Enormous progress in terms of understanding rod phototransduction has come from many labs in studies using the suction electrode recording technique pioneered by Baylor and colleagues in the late 1970s (Baylor et al., 1979). In combination with genetically manipulated mice, a quantitative description of the rod photoresponse has been established (Lamb and Pugh, 1992; for review see Arshavsky et al., 2002). These studies established that amplification, a measure of the gain of the transduction cascade, occurs in three stages and elucidated the molecular basis for each of these stages. In the first stage, gain is achieved through the activation of many transducin (GT) molecules by a light-activated rhodopsin molecule (R*). In the second stage, many cGMP molecules are hydrolyzed by activated cGMP phosphodiesterase (PDE). Finally, the cGMP-gated channels have a cooperativity in cGMP binding, leading to an addition gain step. The rising phase of the response to a brief flash of light is determined by the combined effects of the three stages and can be described by a parabolic equation ( Lamb and Pugh, 1992):(1)R(t) is the normalized response, Φ is the number of photoisomerizations of rhodopsin, and A is the amplification constant. The amplification constant can be quantitatively understood in biochemical terms:(2)where υG is the rate of transducin activation per R*, cGE is the coupling efficiency from G* activation to PDE activation, βsub is related to the rate of cGMP hydrolysis per PDE subunit, and ncG is the Hill coefficient of cGMP channel opening. A satisfying aspect of this framework is that all parameters are linked to measured properties. For example, βsub identifies the contribution of a PDE subunit to the amplification of the photoresponse and is defined using the enzymatic properties of PDE:(3)where kcat/Km is the apparent second order rate constant for free PDE and cGMP reactions, Vcyto is the volume of the cytoplasm, NA is Avogadro's number, and BPcG is the cytoplasmic cGMP buffering power. Biochemical and physiological experiments (for review see Arshavsky et al., 2002) have shown that changes in the concentration of effector molecules in the outer segment leads to alterations in the photoresponse. For example, large protein translocations into and out of the outer segment can reduce the amplification of the response (Sokolov et al., 2002).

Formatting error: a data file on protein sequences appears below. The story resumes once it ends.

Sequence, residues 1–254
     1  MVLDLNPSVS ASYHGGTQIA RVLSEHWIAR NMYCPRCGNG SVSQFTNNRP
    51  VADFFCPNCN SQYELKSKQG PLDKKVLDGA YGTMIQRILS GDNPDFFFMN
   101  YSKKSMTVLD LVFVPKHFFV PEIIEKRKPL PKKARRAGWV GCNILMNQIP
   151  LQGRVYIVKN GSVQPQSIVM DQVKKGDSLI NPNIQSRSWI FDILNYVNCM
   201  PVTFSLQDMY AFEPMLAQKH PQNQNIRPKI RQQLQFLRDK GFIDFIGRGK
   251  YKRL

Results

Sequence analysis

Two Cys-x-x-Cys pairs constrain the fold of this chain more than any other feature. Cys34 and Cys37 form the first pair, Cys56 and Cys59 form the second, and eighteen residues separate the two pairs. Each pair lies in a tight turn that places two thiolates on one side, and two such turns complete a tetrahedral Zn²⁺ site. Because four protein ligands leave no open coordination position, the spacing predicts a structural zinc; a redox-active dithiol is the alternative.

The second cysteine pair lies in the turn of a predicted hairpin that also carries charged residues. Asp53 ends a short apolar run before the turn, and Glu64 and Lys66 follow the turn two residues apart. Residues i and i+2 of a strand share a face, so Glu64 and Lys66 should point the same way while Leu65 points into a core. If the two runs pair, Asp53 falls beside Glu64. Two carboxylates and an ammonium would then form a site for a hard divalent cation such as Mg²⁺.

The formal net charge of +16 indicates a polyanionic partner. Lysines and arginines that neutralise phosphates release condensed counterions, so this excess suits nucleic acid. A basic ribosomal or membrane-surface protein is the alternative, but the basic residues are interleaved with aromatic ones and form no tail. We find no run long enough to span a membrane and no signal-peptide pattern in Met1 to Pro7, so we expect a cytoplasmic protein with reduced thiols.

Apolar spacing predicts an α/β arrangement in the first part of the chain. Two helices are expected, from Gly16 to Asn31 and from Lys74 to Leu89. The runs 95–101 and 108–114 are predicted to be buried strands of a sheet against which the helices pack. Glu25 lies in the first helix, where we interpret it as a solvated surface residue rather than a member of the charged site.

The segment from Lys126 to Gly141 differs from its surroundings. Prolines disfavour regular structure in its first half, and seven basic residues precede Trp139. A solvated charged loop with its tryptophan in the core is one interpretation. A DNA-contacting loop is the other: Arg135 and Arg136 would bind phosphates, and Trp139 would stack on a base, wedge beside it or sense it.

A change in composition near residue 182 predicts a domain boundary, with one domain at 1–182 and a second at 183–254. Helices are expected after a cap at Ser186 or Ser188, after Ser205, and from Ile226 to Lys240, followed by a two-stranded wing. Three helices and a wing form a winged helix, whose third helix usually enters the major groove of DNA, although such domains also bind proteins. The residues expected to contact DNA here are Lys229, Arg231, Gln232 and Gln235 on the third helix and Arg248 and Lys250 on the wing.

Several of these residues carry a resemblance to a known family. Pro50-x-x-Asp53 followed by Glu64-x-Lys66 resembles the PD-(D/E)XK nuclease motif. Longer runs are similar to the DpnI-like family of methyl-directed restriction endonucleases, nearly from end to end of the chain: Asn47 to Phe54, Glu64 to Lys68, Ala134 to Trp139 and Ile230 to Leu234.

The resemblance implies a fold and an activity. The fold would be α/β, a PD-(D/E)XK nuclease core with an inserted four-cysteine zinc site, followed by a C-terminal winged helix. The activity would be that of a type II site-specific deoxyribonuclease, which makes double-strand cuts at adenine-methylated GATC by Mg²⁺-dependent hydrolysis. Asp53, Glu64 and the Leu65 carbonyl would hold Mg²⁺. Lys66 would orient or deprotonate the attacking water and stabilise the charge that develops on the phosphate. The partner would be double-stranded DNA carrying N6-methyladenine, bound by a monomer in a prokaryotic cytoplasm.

Response termination is not quite as well understood quantitatively (Hamer et al., 2005). It involves mechanisms that inactive each of the integrating stages. First, disruption of GT activation by light-activated rhodopsin occurs via phosphorylation of rhodopsin by GRK1 and arrestin binding (Arshavsky, 2002). Second, hydrolysis of GTP bound to activated GT α subunit is accelerated by the RGS9-Gb5L-R9AP complex (Chen et al., 2000; Arshavsky et al., 2002). This is the slowest step in rod recovery from saturating flashes. Finally, cGMP levels are restored to reestablish circulating current via multiple mechanisms including calcium-dependent activation of guanylate cyclase via GCAP proteins (Arshavsky et al., 2002; Korenbrot and Rebrik, 2002; Palczewski et al., 2004). It has also been recently shown that developmental changes in calcium feedback through increasing concentrations of calcium-binding proteins can change the functioning of rod vision in amphibians (Solessio et al., 2004). The impressive progress in a quantitative understanding of rod phototransduction has framed the issues of what molecular mechanisms determine the unique properties of cones.